I was a member of the Abraham Lincoln fan club as a boy. Dad was a member, too. He taped a Lincoln quote to his bedroom mirror: “My father taught me to work. He did not teach me to love it.”
My elementary school class made a pilgrimage to Lincoln’s bronze bust in Springfield. We stood in line to rub his now-shiny nose. As I’ve reflected on Lincoln over the years, I’m still drawn to his ability to tell stories.
A new series
In order to understand the Civil War and its causes, it’s good to look closely at Abraham Lincoln, his words, and his actions. And so, I am starting a new blog series, Critically Thinkin’ Lincoln.
Responding with humor
When a political opponent accused Lincoln of being two-faced, Lincoln supposedly said, “If I had two faces, would I wear this one?”
Lincoln, who knew his King James Bible, used humor to fulfill the verse, “A soft answer turneth away wrath.”
Lincoln received a lot of criticism for Secretary of War Simon Cameron. When Lincoln dismissed Cameron, a group of visiting politicians said the president should go further and replace the whole cabinet. Lincoln replied:
Gentlemen, when I was a young man, I knew one Joe Wilson who was very proud of his chickens, and he built a fine henhouse. Skunks started raiding his hens, and he got annoyed. One night, unusual cackling and fluttering woke him up. It was a bright moonlit night. Joe snuck outside with a shotgun. He saw six skunks running in and out of the shed. Enraged, he put a double charge in his gun to blast the whole tribe of skunks. Somehow, he killed only one, and the rest ran off.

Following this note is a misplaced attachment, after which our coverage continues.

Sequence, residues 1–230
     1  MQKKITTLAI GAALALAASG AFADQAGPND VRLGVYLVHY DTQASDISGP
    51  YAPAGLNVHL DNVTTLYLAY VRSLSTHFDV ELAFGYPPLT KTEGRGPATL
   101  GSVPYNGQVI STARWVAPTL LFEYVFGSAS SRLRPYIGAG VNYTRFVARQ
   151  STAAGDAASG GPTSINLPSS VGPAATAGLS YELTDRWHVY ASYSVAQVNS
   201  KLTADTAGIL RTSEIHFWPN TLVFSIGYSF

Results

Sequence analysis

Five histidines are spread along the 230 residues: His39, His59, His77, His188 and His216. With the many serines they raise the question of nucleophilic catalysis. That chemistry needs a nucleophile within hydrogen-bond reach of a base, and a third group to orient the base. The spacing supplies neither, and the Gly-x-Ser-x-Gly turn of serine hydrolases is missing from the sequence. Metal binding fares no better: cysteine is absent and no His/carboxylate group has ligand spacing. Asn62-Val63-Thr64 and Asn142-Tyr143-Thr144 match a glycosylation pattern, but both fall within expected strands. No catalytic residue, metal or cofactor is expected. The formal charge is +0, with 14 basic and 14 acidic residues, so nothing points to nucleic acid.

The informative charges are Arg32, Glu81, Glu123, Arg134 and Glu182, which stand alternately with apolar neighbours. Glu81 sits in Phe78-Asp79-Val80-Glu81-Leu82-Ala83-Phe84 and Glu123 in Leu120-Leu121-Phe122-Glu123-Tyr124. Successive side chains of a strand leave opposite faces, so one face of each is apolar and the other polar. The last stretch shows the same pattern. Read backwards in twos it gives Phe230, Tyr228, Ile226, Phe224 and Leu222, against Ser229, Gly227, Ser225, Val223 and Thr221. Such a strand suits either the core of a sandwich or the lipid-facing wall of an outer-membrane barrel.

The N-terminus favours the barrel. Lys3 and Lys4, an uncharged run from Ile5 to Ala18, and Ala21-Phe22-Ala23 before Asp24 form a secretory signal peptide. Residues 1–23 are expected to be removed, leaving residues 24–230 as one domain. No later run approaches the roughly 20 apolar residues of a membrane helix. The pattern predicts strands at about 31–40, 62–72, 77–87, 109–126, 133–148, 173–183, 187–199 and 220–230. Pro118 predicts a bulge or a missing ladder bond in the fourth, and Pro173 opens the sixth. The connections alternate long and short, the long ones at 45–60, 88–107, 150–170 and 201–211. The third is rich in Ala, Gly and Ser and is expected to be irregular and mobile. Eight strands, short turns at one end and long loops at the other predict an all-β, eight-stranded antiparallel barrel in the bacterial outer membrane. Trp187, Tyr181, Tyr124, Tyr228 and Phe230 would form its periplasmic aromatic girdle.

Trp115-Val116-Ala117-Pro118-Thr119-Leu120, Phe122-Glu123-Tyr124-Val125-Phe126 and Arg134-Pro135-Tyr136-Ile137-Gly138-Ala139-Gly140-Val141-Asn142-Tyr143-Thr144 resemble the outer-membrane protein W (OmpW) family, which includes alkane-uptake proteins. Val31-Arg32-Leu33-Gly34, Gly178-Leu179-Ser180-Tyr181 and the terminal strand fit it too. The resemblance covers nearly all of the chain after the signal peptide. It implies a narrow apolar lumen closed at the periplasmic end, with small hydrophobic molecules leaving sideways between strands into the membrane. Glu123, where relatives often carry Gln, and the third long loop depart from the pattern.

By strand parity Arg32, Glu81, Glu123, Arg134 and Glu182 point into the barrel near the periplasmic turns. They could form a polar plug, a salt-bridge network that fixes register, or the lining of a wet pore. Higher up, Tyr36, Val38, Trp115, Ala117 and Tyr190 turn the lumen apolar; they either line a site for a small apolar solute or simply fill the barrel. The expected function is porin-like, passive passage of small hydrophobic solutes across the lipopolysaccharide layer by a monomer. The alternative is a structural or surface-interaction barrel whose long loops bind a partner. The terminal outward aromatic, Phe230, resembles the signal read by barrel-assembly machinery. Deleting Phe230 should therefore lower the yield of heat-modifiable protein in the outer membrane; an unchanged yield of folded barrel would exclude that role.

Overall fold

When Joe told this story, he paused here and held his nose. The neighbors asked, ‘Why didn’t you run after them and kill the rest?’ ‘Blast it,’ Joe said. ‘It was eleven weeks before I got over killin’ one. If you want any more skirmishing in that line, you can just do it yourselves!’[i]
Historian James M. McPherson explains Lincoln’s fondness for animal metaphors and parables. McPherson states:
This derived in part from his own rural background [and] the many boyhood hours he spent with Aesop’s Fables. During one of those long hours, his cousin Dennis Lincoln said to him, ‘Abe, them yarns is all lies.’ Lincoln looked up for a moment and replied, ‘Mighty darn good lies, Denny.’
As an adult, Lincoln knew that these ‘lies,’ these fables about animals, provided an excellent way to communicate with a people who were still close to their rural roots and understood the idioms of the forest and barnyard. [ii]
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[i] Paraphrased from Francis Bicknell Carpenter, Six Months at the White House with Abraham Lincoln: The Story of a Picture (New York, 1866 ), 139.
[ii] James M. McPherson, Abraham Lincoln and the Second American Revolution (New York: 1990), 99-100.